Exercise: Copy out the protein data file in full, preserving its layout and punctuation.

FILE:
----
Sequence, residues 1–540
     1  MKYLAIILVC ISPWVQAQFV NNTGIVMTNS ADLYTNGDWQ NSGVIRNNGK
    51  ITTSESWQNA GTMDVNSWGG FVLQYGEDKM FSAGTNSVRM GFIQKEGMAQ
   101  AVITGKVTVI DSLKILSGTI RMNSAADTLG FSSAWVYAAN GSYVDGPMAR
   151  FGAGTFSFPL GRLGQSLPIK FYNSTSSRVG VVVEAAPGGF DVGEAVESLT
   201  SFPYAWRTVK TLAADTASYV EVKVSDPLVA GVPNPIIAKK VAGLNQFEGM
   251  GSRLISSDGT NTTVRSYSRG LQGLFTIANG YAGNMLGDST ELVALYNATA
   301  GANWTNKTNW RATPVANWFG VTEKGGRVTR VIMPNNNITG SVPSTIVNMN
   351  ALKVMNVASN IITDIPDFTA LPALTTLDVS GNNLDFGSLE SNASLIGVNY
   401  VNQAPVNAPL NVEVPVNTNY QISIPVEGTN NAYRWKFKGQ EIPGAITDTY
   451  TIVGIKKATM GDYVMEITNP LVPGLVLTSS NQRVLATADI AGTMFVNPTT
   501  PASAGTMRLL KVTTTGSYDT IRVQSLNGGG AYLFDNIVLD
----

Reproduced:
Sequence, residues 1–540
     1  MKYLAIILVC ISPWVQAQFV NNTGIVMTNS ADLYTNGDWQ NSGVIRNNGK
    51  ITTSESWQNA GTMDVNSWGG FVLQYGEDKM FSAGTNSVRM GFIQKEGMAQ
   101  AVITGKVTVI DSLKILSGTI RMNSAADTLG FSSAWVYAAN GSYVDGPMAR
   151  FGAGTFSFPL GRLGQSLPIK FYNSTSSRVG VVVEAAPGGF DVGEAVESLT
   201  SFPYAWRTVK TLAADTASYV EVKVSDPLVA GVPNPIIAKK VAGLNQFEGM
   251  GSRLISSDGT NTTVRSYSRG LQGLFTIANG YAGNMLGDST ELVALYNATA
   301  GANWTNKTNW RATPVANWFG VTEKGGRVTR VIMPNNNITG SVPSTIVNMN
   351  ALKVMNVASN IITDIPDFTA LPALTTLDVS GNNLDFGSLE SNASLIGVNY
   401  VNQAPVNAPL NVEVPVNTNY QISIPVEGTN NAYRWKFKGQ EIPGAITDTY
   451  TIVGIKKATM GDYVMEITNP LVPGLVLTSS NQRVLATADI AGTMFVNPTT
   501  PASAGTMRLL KVTTTGSYDT IRVQSLNGGG AYLFDNIVLD